Cattle Kingdom: The Hidden History of the Cowboy West by Christopher Knowlton

Cattle Kingdom: The Hidden History of the Cowboy West

 A revolutionary new appraisal of the Old West and the America it made The open range cattle era lasted barely a quarter-century, but it left America irrevocably changed. These few decades following the Civil War brought America its greatest boom-and-bust cycle until the Depression, the invention of the assembly line, and the dawn of the conservation movement. It inspired...

Title:Cattle Kingdom: The Hidden History of the Cowboy West
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ISBN:0544369963
Format Type:Hardcover
Number of Pages:448 pages

Cattle Kingdom: The Hidden History of the Cowboy West Reviews

  • David
    Jun 12, 2017

    The "real" story of the cowboy. Between the late 1860s and late 1880s, open range cattle breeding transformed the West. Young men looking for work as the Civil War ended drifted west and became cowboys. For awhile they were in demand as the cattle herds were growing and labor was scarce. As the cattle business grew it became more corporate. Homesteaders could not abide open range practices. Power shifted to the meat packers in Chicago and points east. A major blizzard in the late 1880s decimated

    The "real" story of the cowboy. Between the late 1860s and late 1880s, open range cattle breeding transformed the West. Young men looking for work as the Civil War ended drifted west and became cowboys. For awhile they were in demand as the cattle herds were growing and labor was scarce. As the cattle business grew it became more corporate. Homesteaders could not abide open range practices. Power shifted to the meat packers in Chicago and points east. A major blizzard in the late 1880s decimated the herds. The era of the open range cattle business was over. But the myth of the cowboy lives on: the average American somehow spliced to the Victorian-era values of the English and Scottish adventurers and investors who got the whole thing to start. The real cowboy was an entry level laborer who got eaten up by changes in the industry and the popping of the cattle bubble. What else is new?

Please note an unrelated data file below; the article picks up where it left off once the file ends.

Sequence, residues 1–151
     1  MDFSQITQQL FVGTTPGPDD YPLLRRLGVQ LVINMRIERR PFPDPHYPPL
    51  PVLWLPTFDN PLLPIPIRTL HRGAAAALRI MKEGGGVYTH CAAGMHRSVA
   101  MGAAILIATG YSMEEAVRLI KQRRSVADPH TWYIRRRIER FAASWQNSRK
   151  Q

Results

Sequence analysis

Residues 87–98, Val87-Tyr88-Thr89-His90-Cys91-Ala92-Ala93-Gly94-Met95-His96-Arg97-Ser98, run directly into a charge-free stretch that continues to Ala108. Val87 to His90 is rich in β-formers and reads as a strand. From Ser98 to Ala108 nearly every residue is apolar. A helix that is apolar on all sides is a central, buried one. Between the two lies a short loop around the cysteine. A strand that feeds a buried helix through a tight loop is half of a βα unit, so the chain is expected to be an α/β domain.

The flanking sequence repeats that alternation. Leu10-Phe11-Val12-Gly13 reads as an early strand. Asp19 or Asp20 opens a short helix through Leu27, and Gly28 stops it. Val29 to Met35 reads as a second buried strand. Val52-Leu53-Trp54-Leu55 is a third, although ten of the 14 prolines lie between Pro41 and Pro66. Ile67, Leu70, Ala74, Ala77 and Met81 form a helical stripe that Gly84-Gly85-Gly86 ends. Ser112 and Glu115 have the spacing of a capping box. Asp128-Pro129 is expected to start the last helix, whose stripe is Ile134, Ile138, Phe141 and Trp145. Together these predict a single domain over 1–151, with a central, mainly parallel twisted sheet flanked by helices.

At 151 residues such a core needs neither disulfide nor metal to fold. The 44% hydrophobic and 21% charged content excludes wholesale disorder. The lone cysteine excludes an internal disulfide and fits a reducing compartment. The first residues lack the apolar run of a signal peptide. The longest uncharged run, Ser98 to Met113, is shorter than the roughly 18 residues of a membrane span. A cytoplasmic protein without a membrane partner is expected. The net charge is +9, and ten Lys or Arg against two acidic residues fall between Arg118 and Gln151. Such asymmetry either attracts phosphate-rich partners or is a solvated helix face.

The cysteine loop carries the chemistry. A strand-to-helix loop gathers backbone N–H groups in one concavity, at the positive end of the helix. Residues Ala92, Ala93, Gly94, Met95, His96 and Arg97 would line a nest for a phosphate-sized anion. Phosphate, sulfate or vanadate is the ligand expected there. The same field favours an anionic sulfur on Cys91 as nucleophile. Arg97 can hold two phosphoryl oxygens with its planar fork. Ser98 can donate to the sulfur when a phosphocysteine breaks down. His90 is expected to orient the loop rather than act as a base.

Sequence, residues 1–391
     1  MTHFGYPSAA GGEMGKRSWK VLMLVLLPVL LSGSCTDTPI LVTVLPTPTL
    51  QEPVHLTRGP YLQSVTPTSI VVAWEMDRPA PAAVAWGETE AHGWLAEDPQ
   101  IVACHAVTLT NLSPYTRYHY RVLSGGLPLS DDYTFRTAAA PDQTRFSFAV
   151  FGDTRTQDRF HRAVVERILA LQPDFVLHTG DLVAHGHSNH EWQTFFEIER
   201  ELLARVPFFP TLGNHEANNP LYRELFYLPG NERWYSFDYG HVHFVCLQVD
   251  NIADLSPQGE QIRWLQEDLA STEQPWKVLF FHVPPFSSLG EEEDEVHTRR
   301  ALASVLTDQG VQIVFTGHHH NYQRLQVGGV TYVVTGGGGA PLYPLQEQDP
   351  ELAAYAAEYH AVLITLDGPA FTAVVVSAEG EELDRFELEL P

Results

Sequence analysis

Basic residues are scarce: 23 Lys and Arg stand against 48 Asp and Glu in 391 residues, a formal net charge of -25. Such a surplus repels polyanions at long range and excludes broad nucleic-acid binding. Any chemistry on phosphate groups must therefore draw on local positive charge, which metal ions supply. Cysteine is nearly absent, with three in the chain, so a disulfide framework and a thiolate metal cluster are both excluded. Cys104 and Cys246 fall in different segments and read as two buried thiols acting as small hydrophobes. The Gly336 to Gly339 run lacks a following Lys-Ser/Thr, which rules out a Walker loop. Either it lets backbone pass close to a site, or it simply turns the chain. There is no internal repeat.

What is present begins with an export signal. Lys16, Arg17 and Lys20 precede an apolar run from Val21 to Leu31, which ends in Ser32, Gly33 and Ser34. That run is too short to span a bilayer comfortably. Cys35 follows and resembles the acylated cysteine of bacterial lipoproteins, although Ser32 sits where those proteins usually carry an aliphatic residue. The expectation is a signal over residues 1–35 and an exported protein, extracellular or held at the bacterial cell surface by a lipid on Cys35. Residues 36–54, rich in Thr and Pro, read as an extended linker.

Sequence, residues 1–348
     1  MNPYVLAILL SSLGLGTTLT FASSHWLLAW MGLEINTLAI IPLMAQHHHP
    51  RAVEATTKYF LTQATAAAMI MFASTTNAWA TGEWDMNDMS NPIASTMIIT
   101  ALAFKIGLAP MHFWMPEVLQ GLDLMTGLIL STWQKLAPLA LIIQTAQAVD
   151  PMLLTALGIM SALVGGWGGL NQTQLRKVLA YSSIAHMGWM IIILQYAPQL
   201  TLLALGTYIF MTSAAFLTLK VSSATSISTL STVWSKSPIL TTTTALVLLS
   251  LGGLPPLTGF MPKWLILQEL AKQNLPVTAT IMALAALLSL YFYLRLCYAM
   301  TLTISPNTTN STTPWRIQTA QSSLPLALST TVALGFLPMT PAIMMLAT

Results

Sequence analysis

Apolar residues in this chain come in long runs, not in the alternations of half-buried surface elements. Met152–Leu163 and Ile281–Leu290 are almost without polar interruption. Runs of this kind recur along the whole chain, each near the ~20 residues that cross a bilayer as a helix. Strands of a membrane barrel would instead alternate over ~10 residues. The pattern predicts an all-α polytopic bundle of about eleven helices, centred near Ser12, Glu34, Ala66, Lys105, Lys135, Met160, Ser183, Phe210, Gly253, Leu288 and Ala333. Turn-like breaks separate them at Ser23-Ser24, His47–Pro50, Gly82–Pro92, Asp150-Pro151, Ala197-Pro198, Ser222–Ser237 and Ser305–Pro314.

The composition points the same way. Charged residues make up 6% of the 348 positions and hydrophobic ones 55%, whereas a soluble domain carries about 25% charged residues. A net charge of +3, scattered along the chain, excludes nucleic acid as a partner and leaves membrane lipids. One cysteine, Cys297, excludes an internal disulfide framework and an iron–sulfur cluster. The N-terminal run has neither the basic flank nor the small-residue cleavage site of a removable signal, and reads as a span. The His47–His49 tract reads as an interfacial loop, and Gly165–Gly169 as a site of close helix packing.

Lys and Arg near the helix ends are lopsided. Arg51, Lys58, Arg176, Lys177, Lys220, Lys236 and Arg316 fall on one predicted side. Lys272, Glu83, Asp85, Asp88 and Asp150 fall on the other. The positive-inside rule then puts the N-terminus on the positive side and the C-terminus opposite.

• Manray9
    Jul 04, 2017

    Not as much about cowboys as the cattle business, mostly in Wyoming and Montana, during the open range period that ended around 1887. Tedious at times and concentrating on historical figures who were just not that interesting.

  • Dalton Duhon
    Jun 28, 2017

    This book while not bad, was not at all what I expected, and as such, I was a little disappointed. There are interesting parts such as the story of the Johnson county war, or the disappearance of buffalo from the plains, but for the most part, it read like a textbook; not a history textbook either. More like an economics or business textbook. If you're more interested in the business side of the cattle industry in the nineteenth century, or you want to learn more about how already filthy rich Br